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Juneau-Douglas City Museum


Dawes

by Margaret Dawes
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Dr. Leonard Pratt Dawes was born in Adams County in Wisconsin on April 1, 1875. He received his early education in that state and taught in its public schools from 1896 until 1899. He received his medical degree in 1905, from the University of Illinois, and held an associate professorship in the Chicago College of Medicine and Surgery where he taught from 1905, until he came to Alaska in 1910.

Because of trouble with asthma, Dr. Dawes came to the west coast in 1909, with the intention of practicing medicine in Portland, Oregon. He first became interested in Alaska by attending the Alaska Yukon Exposition, held in Seattle at that time. A friend of his had just taken a trip to the Territory and spoke very enthusiastically of it. Dr. Dawes was offered a position in Wrangell which he accepted.

After two years of practice at Wrangell, Dr. Dawes returned to the states for an intensive two-year internship under the celebrated surgeon, Dr. Edward H. Ochsner, at St. Mary of Nazarene Hospital in Chicago. He was licensed to practice in Illinois, Washington, California, and Arizona as well as Alaska.

On New Year’s Eve, 1914, Dr. Dawes married Miss Effie Lenore Buzard, a well known concert artist, at Albany, Missouri. The couple came to Juneau the following year, where the doctor practiced continuously until his retirement in 1946 - on his 71st birthday.

In 1934, in his capacity as Flight Surgeon for the Aeronautics Branch of the Department of Commerce, Dr. Dawes received his student pilot’s license, at age 59. He knew that the Department of Commerce preferred its flight surgeons be licensed pilots in order that they might more capably examine applicants. He talked with Dr. Jones, Navy surgeon, expressing his interest in learning to fly. Dr. Jones stated that he considered Dr. Dawes, who was 59, too old to undertake such an activity. The doctor decided that he would show him and took a few trial flights with Shell Simmons, who declared that Dr. Dawes’ reactions were favorable and there was no reason why he shouldn’t learn to pilot the plane. Dr. Dawes had only been able to take enough time from his work for 14 hours of solo flying; after 10 hours he received the student’s private license, which permitted him to fly in any capacity, except with passengers.

Dr. Dawes spent more than half of his long and useful life in the service of Alaska and its people. His skill as a diagnostician and surgeon won him recognition throughout the Territory and in the states. In May of 1951, Dr. Dawes was named Alaska’s Physician of the Year at the convention of the Alaska Medical Association.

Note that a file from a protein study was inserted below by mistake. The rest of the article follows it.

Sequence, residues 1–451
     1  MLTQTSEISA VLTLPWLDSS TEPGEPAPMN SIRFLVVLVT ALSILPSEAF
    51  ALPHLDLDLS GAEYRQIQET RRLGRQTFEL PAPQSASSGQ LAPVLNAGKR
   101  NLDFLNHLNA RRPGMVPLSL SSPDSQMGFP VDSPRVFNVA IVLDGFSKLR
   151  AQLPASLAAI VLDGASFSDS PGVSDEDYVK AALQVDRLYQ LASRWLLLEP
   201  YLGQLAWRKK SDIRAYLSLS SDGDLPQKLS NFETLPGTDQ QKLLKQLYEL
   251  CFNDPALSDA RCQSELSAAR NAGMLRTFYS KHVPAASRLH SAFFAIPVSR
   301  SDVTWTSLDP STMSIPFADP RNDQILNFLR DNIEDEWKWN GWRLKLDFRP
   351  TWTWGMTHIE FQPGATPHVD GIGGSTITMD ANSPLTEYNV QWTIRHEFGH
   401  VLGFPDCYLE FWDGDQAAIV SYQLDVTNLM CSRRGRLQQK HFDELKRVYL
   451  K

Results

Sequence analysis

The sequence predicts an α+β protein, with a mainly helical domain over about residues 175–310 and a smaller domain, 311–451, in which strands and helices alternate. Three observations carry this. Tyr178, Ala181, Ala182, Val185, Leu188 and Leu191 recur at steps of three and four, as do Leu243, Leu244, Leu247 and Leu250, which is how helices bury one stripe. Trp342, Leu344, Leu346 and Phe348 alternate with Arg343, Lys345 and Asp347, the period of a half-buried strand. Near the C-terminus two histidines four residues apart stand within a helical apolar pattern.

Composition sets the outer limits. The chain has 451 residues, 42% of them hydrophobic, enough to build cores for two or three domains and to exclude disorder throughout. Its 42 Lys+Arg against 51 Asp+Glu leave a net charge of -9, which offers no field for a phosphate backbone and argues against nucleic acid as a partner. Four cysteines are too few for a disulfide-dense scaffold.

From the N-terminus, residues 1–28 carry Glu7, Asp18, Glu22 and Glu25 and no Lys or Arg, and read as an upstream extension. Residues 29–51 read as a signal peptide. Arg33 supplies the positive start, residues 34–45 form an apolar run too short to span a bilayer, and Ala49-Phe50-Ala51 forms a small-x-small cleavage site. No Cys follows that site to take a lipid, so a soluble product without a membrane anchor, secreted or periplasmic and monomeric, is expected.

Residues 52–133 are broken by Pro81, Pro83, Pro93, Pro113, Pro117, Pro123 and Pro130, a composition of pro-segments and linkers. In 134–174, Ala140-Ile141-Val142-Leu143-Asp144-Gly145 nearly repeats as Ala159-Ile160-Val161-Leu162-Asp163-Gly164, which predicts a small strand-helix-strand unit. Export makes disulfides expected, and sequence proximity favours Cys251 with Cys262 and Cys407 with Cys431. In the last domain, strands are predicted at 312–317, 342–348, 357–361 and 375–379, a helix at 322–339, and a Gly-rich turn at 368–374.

In 1946, following his retirement from active practice, the doctor was elected to the Territorial Senate, where he served with distinction from 1947 to 1951.

Lenore Dawes, wife of Leonard Dawes, was the only daughter of a prominent family in Jamesport, Missouri. She studied voice at the Cincinnati Conservatory of Music, and later in Chicago and Europe, doing concert work and singing with a grand opera sextet. After years of musical training, culminating in her work as soloist and choir director of the Northern Light Presbyterian Church in Juneau, it was discovered that Lenore Dawes was losing her voice. This might have spelled disaster for a person of lesser stature. Instead, when her voice failed her, she discovered, in its place, a talent for poetry. Her poems expressed the author’s deep faith in God, her love of beauty, and panorama of life and death. The lively ballad about an invalid named Min who outwits all her doctors is a good example of the folksy humor that made Lenore’s poetry so worthwhile.

Harold Dawes accompanied his brother, Leonard, to Wrangell in the early 1900’s. Harold ran a local newspaper during his stay in Wrangell. He and his wife, Minnie, moved to Petersburg and it was there that their two children, Phillip and Rdath, were born. Harold served for many years as an attorney, U.S. Commissioner and Customs Officer for the Petersburg area. In 1946, they moved to Juneau where he was the Adjudicator Officer for the Federal Veterans Affairs before retiring in 1952, and moving to Everett, Washington.

Phillip L. Dawes was born to Harold and Minnie Dawes in Petersburg, Alaska, on November 4, 1923. He grew up there, attending public schools and graduating from the Petersburg High School. A year or two later, Phillip moved to Juneau where he held a variety of jobs before going to work for the Bureau of Public Roads. He stayed with them until Statehood in 1959, and at that time transferred to the newly created Alaska Department of Transportation where he remained until retirement in 1978.

Marge (Fitzpatrick) Dawes first set foot in Alaska in August, 1945, when she arrived aboard the Princess Louise fully intending to stay three months and then return home to Oregon by Christmas. Marge secured work immediately and fell in love with the country and its people. Any thoughts of ever leaving Alaska quickly vanished from her mind.

In 1947, Marge married Phillip Dawes, son of pioneer Alaskans, Harold and Minnie Dawes. Shortly thereafter, they bought a home on Fritz Cove Road where they lived for forty-two years before moving into Juneau.

Marge worked for both the Territorial and State governments with most of her service being with the Department of Education where she was School Lunch Director for many years. In that position, she traveled extensively throughout the state, visiting and working with food service personnel before retiring in the mid-1970’s.

After Phil and Marge retired, they spent time enjoying their cabin up the Taku River. They also traveled and cruised to interesting places. In September 1999, they moved to a retirement community in Billings, Montana.


Pilot Dr. Dawes




Dr. Leonard Dawes




Lenore Dawes